Akron RubberDucks Logo

Akron RubberDucks LogoAkron RubberDucks Logo PNG

The logo of minor league baseball team the Akron RubberDucks, as well as its name, was inspired by the rubber history of its home city.

Meaning and history

Akron RubberDucks Logo history

The history of the franchise began in 1980 in Lynn, Massachusetts. The club has gone through more than five names, from the Lynn Sailors to the current one, which was adopted in 2014. Today, it is a Double-A affiliate of the Major League Baseball’s Cleveland Indians.

1984 – 1987

Vermont Reds Logo 1984

Their first logo was adopted in 1984, when they were known as Vermont Reds. As such, the base of the logo was a big red ‘V’. It was a wide, squat, yet big letter. There was a big baseball, imposed over its middle in the same red color, as well as in white. In front of the ball, they’ve wrote the word ‘Reds’. The font was akin to the big letter behind: squat, wide and sans-serif. The only other addition was the continuous white line in the top half of these letters.


Vermont Reds Logo 1988

In 1988, the team switched to Vermont Mariners. The logo design was similar, except they colored all the red bits into dark blue. Moreover, the word ‘Reds’ was replaced with ‘Mariners’, the letters in which were taller and thinner compared to the previous style. The line that ran through the letters in the previous version was still there, but not it became slimmer.  

1989 – 1996

Vermont Reds Logo 1989

In 1989, they adopted a wide blue fringe with a vague baseball image in the center. The top and bottom bits of the ring had ‘Canton’ and ‘Akron’ written respectively. The letters were typical capital characters with dots in-between the characters. Both letters allude to the new name, which was ‘Canton-Akron Indians’. The latter word was plastered diagonally in front of the logotype’s center. It was colored red and had a paint-like look.

1997 – 2013

Vermont Reds Logo 1997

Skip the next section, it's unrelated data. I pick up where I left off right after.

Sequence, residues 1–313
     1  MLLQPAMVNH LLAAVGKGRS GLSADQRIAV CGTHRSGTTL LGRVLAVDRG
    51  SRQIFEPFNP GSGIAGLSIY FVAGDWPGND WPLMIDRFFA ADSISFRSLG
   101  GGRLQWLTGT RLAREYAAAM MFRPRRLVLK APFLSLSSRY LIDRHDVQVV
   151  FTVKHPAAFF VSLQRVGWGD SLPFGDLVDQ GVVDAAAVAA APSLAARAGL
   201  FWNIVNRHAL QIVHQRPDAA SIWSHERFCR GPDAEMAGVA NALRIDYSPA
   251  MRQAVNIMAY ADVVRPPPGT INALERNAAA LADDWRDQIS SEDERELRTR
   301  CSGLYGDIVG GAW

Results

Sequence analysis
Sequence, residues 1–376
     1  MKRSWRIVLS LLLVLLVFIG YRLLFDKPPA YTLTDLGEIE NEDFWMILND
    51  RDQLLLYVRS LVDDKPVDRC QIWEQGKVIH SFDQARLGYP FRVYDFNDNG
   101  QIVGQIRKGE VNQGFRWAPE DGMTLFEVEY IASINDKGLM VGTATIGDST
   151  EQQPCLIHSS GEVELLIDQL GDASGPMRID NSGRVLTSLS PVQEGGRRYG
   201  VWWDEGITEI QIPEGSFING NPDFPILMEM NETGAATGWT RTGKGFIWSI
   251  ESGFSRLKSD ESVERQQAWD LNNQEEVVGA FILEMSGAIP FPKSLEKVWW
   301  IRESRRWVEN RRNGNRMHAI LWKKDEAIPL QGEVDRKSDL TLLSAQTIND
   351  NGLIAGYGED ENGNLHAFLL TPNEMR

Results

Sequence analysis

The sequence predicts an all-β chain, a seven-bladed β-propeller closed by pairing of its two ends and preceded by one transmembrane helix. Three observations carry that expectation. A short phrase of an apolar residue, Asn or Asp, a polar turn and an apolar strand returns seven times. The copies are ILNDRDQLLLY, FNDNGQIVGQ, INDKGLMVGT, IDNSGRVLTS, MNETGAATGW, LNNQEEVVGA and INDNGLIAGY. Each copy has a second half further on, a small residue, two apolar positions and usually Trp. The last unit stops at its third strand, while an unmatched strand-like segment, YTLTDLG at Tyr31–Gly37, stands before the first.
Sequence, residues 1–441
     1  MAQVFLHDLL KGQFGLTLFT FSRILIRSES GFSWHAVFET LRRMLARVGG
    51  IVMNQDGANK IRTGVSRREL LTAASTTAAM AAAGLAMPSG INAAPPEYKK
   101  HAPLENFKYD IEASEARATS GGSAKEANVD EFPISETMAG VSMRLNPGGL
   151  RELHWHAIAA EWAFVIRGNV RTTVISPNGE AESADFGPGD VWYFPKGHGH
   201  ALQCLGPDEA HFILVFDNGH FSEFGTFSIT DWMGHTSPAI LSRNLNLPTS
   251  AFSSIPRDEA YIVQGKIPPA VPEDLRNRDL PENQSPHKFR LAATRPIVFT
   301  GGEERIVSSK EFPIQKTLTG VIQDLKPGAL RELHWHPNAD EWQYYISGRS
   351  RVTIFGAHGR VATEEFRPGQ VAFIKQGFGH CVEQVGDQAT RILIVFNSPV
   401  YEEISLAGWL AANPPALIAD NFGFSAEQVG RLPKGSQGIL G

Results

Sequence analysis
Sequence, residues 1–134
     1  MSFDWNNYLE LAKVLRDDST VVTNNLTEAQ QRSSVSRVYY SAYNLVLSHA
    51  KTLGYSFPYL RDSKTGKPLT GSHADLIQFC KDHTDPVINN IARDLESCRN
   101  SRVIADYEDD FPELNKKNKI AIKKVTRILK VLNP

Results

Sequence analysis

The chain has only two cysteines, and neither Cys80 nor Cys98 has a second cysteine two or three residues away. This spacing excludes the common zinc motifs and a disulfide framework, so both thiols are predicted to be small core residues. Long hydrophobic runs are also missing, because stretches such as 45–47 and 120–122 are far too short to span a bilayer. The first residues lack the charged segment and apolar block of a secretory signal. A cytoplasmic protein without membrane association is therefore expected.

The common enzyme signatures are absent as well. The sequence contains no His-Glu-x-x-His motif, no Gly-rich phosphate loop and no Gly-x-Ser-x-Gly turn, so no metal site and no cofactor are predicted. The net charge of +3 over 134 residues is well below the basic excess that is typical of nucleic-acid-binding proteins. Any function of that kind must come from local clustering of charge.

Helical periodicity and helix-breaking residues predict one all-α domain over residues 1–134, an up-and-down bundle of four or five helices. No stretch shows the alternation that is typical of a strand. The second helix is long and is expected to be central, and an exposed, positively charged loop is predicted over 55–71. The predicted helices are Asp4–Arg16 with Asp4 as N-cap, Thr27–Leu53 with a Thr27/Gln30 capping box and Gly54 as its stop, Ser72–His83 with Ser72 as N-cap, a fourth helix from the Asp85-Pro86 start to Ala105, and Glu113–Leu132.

Akron Aeros was the name until 2013. The logo used with it was a generally round badge with a black fringe and a blue center. The former had ‘Akron’ written on its top, in white. The blue core is barely visible, but there is a small Saturn-like planet near the place where the name is written. They colored in orange and yellow. The word ‘Aeros’ is written in big silvery letters. They are depicted at a perspective, meaning they gradually grow from left to right. They are also rotated to the left and up.

A red feline creature was their mascot. It’s depicted beneath the main logo with a baseball in its hand and in the process of dashing somewhere. 

2014 – Today

Akron RubberDucks logo
In 2014, they became Akron Rubberducks. Many elements in this new logo are inspired by tires or rubber. For instance, the main element is the head of a duck with a malicious expression, mostly black plumage and a black trail to its right that depicts a tire pattern. Furthermore, there are flicks of red flame/plume coming out of the ducks head. It’s likely supposed to be a ball of sorts. Beneath, the big word ‘Rubberducks’ is written in black letters with an orange tint around them. Most letters are underlined by another trail of black with a tire imprint. A small, orange ‘Akron’ is placed above and to its left.

Primary symbol

Akron RubberDucks symbol

When the franchise was looking for a new identity, they decided to dwell upon the reputation of Akron, Ohio, as the Rubber Capital of the World. At the beginning of the previous century, all of the country’s big rubber companies were located here. The rubber theme can be seen everywhere, from the way the duck’s neck is depicted on the Akron RubberDucks logo (it reminds a tire), to the tire trace behind the word “RubberDucks.”

Cap and jersey emblems

Akron RubberDucks emblem

The two main parts of the logo are used independently on the team’s uniforms. There’re also two versions of the “A” logo.


Akron RubberDucks Logo baseball

While the palette of the Akron RubberDucks logo appears to be rather complex, at first glance, in fact, it consists of only five colors – black, blue, orange, yellow, and white. The motley effect isn’t due to the variety of colors but due to the abundance of small elements.